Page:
Another important aspect for me was to avoid neglecting these values while on the journey towards FI by integrating them in my present. That being said, the way I’ve been feeling rushed and anxious these last few months has definitely made it more difficult to put this into practice.
Is it worth it to power through at my current rhythm for the last 20% of our FI value, despite how I’ve felt so out of balance with my core values these last few months? Would it be rather preferable to pivot and slow down and try to cover my share of our yearly expenses while letting my investments compound to hit my FI#?
I set out with that idea in mind and pulled out my various projection spreadsheets to play around with the numbers. (Yes, this is how I spend my very limited free time, creating spreadsheets and “playing” around with projections 😆… this might sound dull for most people this is a super fun activity for this personal finance nerd!)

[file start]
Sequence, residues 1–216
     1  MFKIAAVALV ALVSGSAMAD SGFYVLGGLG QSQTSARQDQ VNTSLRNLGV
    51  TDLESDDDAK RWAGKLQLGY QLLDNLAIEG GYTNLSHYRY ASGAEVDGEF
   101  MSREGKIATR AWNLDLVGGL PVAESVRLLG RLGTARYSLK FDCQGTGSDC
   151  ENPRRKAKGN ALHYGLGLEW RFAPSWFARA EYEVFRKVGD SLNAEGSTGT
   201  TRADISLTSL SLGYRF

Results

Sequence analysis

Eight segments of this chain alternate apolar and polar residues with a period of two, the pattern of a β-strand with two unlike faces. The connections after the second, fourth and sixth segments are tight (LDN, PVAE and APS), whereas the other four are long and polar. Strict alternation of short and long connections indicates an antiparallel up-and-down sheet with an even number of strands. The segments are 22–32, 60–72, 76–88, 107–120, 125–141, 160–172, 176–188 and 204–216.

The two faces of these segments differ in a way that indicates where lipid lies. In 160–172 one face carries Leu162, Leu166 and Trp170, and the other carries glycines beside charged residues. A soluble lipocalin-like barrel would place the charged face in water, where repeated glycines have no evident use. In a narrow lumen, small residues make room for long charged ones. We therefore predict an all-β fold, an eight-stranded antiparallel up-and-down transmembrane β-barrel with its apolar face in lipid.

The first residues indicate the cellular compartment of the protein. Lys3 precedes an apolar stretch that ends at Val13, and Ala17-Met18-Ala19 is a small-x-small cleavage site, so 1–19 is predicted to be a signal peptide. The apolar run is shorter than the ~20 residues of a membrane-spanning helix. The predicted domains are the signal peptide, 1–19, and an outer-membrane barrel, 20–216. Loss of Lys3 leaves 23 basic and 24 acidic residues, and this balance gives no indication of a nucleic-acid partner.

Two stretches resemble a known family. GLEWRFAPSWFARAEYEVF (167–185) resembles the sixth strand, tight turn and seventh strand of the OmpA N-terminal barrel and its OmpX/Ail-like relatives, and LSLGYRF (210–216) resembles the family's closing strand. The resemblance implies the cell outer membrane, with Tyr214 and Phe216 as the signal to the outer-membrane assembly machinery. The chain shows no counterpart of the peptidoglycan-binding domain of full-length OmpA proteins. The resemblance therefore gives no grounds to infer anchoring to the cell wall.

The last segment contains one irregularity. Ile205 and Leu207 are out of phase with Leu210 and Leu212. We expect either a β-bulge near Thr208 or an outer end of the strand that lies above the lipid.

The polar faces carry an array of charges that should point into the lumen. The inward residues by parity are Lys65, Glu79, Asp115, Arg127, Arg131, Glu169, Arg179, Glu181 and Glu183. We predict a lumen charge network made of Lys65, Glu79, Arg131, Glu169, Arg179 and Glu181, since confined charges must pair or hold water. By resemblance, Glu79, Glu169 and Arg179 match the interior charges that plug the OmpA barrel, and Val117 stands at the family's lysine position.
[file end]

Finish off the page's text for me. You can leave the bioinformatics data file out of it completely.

For the first five years of following this plan, our spending has been closer to an average of $52,000 (CAD) annually. So I basically need to generate between $26,000 to $35,000 to cover my portion of our costs without dipping into my investments.
I was delighted to see that if I stopped working now at 32, managed to cover my share of our average yearly family spending, my investments could compound to my FI# by the time I’m only 40 using a 5% growth rate. Even if I were to generate less income and rather be semi-retired, say using a withdrawal rate of 2% to cover my remaining share of our expenses, I would reach FI at about 45. Oh the magic of compounding interest!
The next step was to then look at my Yearly Savings Week by Week Tracker to figure out my cash-flow for 2021. I absolutely do not want to feel stressed about having to generate a specific amount quickly or to have to pull out money from investment accounts for larger one-time expenses. I made a few changes to where I’m directing my savings from my final paychecks and felt pretty confident about this roadmap.
Finally, since I’m intending to generate some income on a part-time basis, I then brainstormed the many options I have to do this. I mapped out how much income I could generate through 10 to 20 monthly hours of various side-hustles I’ve maintained over the years and through my passion project surrounding financial coaching.